Identity theft has been described as the use of one person’s identity by another to commit fraud. See Remsburg v. Docusearch, Inc. (2003) 149 N.H. 148, 155, 816 A.2d 1001, 1007. This case was about an individual seeking personal information (e.g., date-of-birth, social security number, work address) about someone else from an internet-based investigation and information service company. Unfortunately, the culprit, who obtained the personal information, located and fatally shot the victim as she left work. Thereafter, the victim’s mother sued the defendants for negligence, invasion of privacy, and violation of the state consumer protection act. In response, the federal court issued an order of certification and outlined the following factual questions to be determined by the state Supreme Court:
(1) Under the common law of New Hampshire and in light of the undisputed facts presented by this case, does a private investigator or information broker who sells information to a client pertaining to a third party have a cognizable legal duty to that third party with respect to the sale of the information?
(2) If a private investigator or information broker obtains a person’s social security number from a credit reporting agency as a part of a credit header without the person’s knowledge or permission and sells the social security number to a client, does the individual whose social security number was sold have a cause of action for intrusion upon her seclusion against the private investigator or information broker for damages caused by the sale of the information?
(3) When a private investigator or information broker obtains a person’s work address by means of a pre-textual telephone call and sells the work address to a client, does the individual whose work address was deceitfully obtained have a cause of action for intrusion upon her seclusion against the private investigator or information broker for damages caused by the sale of the information?
(4) If a private investigator or information broker obtains a social security number from a credit reporting agency as a part of a credit header, or a work address by means of a pretextual telephone call, and then sells the information, does the individual whose social security number or work address was sold have a cause of action for commercial appropriation against the private investigator or information broker for damages caused by the sale of the information?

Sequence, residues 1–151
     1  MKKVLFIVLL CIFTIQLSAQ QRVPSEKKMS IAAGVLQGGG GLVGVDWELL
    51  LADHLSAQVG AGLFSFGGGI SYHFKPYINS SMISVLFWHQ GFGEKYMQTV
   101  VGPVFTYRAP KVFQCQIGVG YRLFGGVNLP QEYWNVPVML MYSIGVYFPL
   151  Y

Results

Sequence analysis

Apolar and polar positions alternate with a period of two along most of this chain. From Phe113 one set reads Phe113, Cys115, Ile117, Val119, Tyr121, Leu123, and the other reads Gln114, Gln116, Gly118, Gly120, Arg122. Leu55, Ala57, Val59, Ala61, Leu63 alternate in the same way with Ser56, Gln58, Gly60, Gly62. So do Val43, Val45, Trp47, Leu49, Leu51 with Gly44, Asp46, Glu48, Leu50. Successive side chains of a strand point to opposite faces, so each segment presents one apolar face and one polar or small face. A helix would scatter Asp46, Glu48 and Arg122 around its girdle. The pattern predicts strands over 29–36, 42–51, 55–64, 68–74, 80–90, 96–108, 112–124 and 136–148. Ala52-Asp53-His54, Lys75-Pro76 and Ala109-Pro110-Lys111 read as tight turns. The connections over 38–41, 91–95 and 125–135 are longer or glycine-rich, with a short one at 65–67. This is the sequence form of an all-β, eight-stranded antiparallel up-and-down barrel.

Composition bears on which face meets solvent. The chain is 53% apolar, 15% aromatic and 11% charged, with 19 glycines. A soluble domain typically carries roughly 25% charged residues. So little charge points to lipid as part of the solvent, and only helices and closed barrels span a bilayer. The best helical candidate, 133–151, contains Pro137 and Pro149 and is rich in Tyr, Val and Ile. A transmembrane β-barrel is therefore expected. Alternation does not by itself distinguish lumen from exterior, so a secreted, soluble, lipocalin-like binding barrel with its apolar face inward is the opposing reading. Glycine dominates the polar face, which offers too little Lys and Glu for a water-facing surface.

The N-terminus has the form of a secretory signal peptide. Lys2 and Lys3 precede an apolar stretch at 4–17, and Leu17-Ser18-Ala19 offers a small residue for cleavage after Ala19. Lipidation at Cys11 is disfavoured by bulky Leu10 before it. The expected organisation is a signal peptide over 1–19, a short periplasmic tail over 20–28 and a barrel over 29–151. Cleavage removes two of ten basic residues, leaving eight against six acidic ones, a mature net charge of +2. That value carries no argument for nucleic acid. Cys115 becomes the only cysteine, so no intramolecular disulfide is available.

(5) If a private investigator or information broker obtains a person’s work address by means of a pre-textual telephone call, and then sells the information, is the private investigator or information broker liable under N.H. Rev. Stat. Ann. § 358-A to the person it deceived for damages caused by the sale of the information?
In the past years, the disclosure risk of personal information has substantially increased in all sectors. So, the states have passed legislation to protect their citizens. For example, in California, Penal Code § 530.5 states that:
Every person who willfully obtains personal identifying information, as defined in subdivision (b) of § 530.55, of another person, and uses that information for any unlawful purpose, including to obtain, or attempt to obtain, credit, goods, services, real property, or medical information without the consent of that person, is guilty of a public offense, and upon conviction therefor, shall be punished by a fine, by imprisonment in a county jail not to exceed one year, or by both a fine and imprisonment, or by imprisonment in the state prison.
California Penal Code § 1202.4 provides for restitution by authorizing the courts to order a defendant to pay: (1) a restitution fine; and (2) restitution to the victim which is enforceable as if the order was a civil judgment.
The types of personal information that are subject to protection include the victim’s name, social security number, taxpayer identification number, driver’s license number, passport number, address, or phone number. Financial information (e.g., bank account information, credit card numbers) is subject to protection. Moreover, biometric information (e.g., fingerprints, voiceprints, retina images) is also subject to protection.
Thus far, Congress has passed two laws to prevent identity theft:
- Identity Theft and Assumption Deterrence Act: It amended 18 U.S.C. Section 1028 and made it a federal crime to knowingly transfer or use, without lawful authority, a means of identification of another person with the intent to commit … an illegal act that constitutes a violation of federal law or a felony under any state or local law.
- Identity Theft Penalty Enhancement Act: It established penalties for “aggravated” identity theft, which is using the identity of another individual to commit felony crimes (e.g., immigration violations, social security benefit thefts, domestic terrorism). This law requires the court to sentence two more years for a general offense and five years for a terrorism offense.
We work with clients regarding internet, technology, and computer laws. Please feel free to contact our law firm to speak with an attorney who has knowledge about identity theft laws.